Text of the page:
Month: August 2014
A lot was made about the impact of social media in the last elections. The Modi campaign was credited with creating a convincing media blizzard which other parties failed to emulate. But did this really translate into actual seats? To answer that question, I look at party victories in Lok Sabha constituencies with high, medium and low impact of social media.
Thankfully, the good people at IRIS Knowledge Foundation had already classified the constituencies in these categories. The methodology is detailed in their report, it isn’t perfect but it will do for this post. 16o Constituencies are labelled as High Impact, 67 are labelled Medium Impact and 60 are termed Low Impact. The remaining 256 are termed No Impact and not considered for the purposes of this study.
It seems clear that the BJP took a much larger share of the pie in LS seats with a high social media impact. A direct co-relation to social media cannot be made. The BJP has traditionally done better in urban seats which have a high social media impact. However, part of the credit for its unprecedented performance in high impact seats must definitely lie with it’s extensive social media campaigning.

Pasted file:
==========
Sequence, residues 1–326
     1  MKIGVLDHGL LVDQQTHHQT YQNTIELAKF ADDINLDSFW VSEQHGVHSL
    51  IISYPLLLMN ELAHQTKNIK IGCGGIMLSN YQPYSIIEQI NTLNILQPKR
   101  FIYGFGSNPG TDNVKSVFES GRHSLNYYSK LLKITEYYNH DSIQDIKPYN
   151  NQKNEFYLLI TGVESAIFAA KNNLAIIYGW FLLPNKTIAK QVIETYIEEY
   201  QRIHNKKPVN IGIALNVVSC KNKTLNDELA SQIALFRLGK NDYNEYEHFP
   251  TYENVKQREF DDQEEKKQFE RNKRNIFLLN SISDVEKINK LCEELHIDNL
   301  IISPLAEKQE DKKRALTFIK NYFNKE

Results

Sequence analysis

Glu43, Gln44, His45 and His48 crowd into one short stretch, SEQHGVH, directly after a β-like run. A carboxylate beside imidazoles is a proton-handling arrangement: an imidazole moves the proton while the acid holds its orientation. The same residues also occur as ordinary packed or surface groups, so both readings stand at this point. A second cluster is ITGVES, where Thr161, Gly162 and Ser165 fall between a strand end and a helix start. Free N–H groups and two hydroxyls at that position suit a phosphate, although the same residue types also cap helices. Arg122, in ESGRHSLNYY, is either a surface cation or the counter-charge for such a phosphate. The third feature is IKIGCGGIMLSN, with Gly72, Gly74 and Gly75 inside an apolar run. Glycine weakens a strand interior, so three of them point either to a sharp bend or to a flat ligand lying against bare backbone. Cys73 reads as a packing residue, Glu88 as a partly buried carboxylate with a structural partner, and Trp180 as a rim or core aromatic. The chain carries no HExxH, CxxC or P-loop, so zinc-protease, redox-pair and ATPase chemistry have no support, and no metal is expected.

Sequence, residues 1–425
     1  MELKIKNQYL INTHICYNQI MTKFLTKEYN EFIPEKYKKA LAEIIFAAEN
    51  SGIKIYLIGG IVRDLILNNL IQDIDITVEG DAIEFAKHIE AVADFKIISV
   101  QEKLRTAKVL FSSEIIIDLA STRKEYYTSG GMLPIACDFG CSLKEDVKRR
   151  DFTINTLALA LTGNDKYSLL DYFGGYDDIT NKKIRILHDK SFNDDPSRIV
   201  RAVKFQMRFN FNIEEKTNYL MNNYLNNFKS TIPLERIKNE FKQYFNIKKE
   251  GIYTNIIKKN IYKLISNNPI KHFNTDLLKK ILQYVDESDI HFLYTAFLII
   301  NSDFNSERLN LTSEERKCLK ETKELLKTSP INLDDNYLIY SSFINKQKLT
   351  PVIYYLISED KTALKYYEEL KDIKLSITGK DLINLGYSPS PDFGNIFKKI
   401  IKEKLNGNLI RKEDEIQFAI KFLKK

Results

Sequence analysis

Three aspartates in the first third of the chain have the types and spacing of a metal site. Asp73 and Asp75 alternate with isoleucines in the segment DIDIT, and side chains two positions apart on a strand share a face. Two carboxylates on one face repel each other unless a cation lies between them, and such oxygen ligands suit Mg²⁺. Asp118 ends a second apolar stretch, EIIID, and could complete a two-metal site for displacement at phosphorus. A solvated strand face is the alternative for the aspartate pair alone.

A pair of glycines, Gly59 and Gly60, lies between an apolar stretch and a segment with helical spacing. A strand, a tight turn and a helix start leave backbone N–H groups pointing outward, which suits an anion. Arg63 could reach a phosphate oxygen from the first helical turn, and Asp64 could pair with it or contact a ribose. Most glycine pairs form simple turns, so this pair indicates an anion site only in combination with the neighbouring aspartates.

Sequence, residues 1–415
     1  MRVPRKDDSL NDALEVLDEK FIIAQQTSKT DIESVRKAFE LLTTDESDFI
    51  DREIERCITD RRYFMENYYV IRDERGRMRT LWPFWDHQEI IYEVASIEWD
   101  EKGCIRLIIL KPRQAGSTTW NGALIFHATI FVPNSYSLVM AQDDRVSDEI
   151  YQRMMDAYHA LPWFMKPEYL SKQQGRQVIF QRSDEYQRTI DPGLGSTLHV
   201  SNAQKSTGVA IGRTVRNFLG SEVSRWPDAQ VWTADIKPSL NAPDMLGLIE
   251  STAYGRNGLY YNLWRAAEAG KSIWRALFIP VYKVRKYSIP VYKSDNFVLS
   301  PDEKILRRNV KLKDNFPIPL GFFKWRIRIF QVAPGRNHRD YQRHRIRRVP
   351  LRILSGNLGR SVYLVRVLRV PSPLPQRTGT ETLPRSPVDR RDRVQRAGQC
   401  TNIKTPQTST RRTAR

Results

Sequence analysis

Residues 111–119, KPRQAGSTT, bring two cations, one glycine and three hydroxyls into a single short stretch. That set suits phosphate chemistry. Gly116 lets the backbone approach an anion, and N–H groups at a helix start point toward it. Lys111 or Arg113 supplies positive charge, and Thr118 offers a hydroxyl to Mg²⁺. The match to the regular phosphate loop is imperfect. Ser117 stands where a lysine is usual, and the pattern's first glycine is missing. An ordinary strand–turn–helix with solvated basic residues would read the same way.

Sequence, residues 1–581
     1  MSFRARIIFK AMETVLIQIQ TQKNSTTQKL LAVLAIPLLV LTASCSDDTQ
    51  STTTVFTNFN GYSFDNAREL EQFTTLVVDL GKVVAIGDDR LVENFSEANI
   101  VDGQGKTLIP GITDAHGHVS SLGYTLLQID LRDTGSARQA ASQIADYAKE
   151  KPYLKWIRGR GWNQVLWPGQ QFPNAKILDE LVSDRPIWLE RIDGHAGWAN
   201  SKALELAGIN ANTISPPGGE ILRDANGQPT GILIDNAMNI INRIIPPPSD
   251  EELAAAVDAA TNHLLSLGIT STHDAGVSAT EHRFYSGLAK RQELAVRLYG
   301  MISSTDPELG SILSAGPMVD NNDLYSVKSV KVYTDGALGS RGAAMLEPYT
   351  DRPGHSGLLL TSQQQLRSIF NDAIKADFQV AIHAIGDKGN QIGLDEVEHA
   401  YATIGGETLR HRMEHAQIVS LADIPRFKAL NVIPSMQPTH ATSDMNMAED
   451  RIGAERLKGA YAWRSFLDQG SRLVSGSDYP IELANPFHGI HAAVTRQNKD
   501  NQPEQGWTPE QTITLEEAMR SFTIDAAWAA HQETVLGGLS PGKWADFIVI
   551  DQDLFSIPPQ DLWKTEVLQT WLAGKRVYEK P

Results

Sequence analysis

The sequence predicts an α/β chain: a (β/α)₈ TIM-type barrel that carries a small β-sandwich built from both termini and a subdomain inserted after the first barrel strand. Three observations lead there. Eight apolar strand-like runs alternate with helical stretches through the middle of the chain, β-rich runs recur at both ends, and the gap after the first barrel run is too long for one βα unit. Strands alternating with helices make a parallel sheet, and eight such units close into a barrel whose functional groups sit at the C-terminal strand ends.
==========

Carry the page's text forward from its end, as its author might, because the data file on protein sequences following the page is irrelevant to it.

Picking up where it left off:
Yes, social media may seem constrained to certain populations right now. After all, 256 of the seats qualified as no-impact. However, there is strong evidence to suggest that a lot of power lies in good social media management. The methods of political campaigning are slowly shifting in India. The BJP definitely seems to have benefited from it. Other parties would do well to take note of this trend.